- Which of these components of wealth has evidently been lost from the declarations in the two “state of the nation” newspaper publications above?
- What strategy would ensure that rapidly developing nations like Australia will not follow the fate of the other lost paradises in the film?
The price of a species
When we began filming Last Paradise 50 years ago, the animal kingdom ruled the planet from the wilderness of Africa to the ocean rock pools and rivers. Those that played there as kids will recall what we can see in the film. Today there is barely an ecosystem on the planet which remains naturally intact. It seems our economic planning has assumed that this state of affairs will continue. This reality is daily evident in our media, though it raises little alarm.
In article of 28th January 2012 in The Australian entitled “Squandering the benefits of the resources boom” , the government is accused of squandering the huge returns of the Australian economic boom rather than investing in infrastructure. There is no mention at all of the indigenous heritage, flora and fauna as potential investment. Do you think we should consider our investment in these things in boom times?
In the very same newspaper the article entitled “Conservation must be ranked by dollar” implies we have to compromise on saving our natural heritage. It advocates the introduction of a system devised by New Zealand whereby we shall decide which indigenous species are worth saving and which shall be driven into extinction according to calculation of their tourism revenue to the economy. In todays economic model, this move is hailed as “progress”.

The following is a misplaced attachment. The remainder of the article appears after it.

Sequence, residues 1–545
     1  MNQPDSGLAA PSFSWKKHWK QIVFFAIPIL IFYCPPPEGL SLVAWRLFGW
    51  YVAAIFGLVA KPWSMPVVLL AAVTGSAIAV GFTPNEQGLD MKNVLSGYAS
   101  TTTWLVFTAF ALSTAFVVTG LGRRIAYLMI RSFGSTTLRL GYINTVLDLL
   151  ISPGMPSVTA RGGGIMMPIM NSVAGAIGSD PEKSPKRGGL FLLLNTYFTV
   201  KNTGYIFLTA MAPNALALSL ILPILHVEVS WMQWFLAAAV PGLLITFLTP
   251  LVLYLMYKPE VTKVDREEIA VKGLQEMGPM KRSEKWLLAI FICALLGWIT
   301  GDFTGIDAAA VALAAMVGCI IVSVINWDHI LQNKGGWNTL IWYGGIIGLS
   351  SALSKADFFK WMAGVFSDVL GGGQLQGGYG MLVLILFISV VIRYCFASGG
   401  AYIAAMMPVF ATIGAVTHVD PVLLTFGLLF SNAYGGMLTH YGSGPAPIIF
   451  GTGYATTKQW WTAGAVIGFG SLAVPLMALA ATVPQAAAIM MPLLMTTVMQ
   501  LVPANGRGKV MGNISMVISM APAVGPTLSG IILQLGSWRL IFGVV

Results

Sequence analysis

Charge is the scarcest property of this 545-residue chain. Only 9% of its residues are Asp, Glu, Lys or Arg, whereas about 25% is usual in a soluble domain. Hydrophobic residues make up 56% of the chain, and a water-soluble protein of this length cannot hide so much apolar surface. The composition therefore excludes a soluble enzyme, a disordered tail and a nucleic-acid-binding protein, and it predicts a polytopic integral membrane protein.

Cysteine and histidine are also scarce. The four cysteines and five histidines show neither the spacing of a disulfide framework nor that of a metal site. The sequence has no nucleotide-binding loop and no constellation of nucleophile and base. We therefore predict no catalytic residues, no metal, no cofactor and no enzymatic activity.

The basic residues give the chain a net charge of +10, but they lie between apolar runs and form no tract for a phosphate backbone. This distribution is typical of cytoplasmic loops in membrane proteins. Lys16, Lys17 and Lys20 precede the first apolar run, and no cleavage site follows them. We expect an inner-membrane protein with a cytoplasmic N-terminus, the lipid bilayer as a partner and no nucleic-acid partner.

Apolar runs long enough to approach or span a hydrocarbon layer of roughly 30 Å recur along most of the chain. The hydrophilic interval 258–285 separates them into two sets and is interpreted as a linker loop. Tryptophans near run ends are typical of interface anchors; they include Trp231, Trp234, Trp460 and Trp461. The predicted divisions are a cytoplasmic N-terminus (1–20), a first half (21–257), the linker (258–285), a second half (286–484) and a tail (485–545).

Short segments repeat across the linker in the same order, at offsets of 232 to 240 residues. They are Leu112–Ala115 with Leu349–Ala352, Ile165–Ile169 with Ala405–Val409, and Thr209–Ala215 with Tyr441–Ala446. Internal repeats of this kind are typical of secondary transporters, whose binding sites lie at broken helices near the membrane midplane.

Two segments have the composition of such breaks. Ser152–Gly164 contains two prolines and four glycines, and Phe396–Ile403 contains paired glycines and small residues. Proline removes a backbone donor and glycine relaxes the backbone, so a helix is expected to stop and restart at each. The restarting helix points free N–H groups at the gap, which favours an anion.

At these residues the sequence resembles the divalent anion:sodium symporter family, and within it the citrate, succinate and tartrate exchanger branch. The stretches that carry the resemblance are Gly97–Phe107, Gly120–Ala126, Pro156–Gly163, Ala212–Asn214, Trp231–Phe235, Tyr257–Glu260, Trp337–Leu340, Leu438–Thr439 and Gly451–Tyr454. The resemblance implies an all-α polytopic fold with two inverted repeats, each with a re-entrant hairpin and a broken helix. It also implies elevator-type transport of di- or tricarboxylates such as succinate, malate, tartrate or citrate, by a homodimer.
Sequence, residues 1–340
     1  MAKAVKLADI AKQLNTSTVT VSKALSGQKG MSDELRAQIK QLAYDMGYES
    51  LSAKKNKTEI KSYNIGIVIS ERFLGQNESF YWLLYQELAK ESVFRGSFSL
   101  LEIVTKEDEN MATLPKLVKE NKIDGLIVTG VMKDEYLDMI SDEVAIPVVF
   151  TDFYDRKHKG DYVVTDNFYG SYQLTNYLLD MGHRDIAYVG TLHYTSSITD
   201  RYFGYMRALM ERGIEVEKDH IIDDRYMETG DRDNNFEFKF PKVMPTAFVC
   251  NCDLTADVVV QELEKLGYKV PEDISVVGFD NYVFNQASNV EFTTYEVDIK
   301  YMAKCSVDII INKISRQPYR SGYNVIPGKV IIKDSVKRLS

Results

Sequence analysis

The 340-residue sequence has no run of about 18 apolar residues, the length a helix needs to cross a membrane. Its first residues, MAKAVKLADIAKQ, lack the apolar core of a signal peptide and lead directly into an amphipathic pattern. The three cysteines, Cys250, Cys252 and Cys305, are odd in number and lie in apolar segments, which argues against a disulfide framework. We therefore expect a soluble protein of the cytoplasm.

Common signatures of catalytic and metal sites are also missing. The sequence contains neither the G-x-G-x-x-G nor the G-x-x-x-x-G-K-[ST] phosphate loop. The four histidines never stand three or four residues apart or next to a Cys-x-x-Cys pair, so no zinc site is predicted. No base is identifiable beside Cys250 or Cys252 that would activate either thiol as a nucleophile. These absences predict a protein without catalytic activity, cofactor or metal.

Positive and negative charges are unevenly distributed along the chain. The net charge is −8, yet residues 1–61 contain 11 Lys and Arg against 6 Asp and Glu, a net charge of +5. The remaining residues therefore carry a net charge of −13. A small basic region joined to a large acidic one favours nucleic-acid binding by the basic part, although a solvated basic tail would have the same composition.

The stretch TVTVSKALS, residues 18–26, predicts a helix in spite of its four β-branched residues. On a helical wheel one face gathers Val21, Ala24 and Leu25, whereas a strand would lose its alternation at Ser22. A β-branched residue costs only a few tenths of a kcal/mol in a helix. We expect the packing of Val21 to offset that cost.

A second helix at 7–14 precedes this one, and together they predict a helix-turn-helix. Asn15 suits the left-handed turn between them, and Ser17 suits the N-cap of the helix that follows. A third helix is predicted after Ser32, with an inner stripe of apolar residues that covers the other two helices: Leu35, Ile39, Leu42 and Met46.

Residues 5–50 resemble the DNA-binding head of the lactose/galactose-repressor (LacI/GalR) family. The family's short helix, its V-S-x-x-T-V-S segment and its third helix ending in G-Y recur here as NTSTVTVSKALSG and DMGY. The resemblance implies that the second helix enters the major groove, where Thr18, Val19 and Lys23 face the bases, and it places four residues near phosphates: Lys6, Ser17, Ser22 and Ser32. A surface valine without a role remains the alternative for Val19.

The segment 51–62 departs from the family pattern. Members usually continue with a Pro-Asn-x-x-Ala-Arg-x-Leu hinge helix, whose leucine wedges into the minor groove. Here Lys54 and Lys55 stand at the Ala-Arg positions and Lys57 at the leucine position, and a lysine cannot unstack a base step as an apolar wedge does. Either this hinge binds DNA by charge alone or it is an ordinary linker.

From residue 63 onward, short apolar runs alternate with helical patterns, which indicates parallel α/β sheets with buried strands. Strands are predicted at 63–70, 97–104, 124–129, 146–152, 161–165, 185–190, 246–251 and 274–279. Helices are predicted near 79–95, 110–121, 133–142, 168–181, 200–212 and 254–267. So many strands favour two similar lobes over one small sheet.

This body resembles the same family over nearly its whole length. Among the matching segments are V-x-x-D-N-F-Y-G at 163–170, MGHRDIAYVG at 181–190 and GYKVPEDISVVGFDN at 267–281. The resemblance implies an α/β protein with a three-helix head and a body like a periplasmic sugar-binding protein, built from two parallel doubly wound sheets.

According to our evolutionary theory, it takes millions of years for a species to evolve. According to the holy books, each species fashioned by the hand of God. So either way, they are very precious.
- Do you think it is right for us to use a financial model to determine which species should continue to exist or not?
- What value would you put on a species and why?
- Do you think this system should be introduced in economic boom times? In economic recession times?
- Given that the cause of these species extinction is human introduced predators or distroyed habitat, can you conceive of a better solution?
- How would you as government introduce this measure? What do expect to be your opposition?
What is success?
Some nations hold up “successful” individuals as those who work to become richer and richer…then die. As our icons are, so will our nation be. In “Last Paradise” we discover that the short cut to success is contentment – through our aspirations and ability to appreciate the value of what we have. Like the characters in the film, the ultimate life is creating your own “childhood dream” and making it come true. Truly successful people are those who achieve their dream yet have designed into their life the spare time and energy to give back or nurture the good things they found in the world.
- Do you have your own life’s dream? (If not, it starts with just enthusiasm and imagination).
- Can you imaging how you could design a truly “successful” life of your own based around your own dream, talents and passions?
- From the films story, what skills can you see will be most in demand in the future?
- What subject would you study to guarantee the best opportunities in the future to make your dream happen and why? (don’t forget the law of supply and demand).
- How can you do this in keeping with your own dream?
How come we can’t see the change – the “shifting baseline”
“We all see the world we are born into as the norm. And so with each generation we have gradually lost sight of the how the world once was, or is meant to be”. These are some of the concluding words of the film “Last Paradise”. How “Last Paradise” reveals this phenomenon of “shifting baselines” or “creeping norm” is described by Professor Adam Green (USA) in this interview.
The reasons why we are not all extremely alarmed what is happening to our rivers, ocean, flora, fauna and culture is because;
- Most people now live and play in cites so they simply don’t see it daily.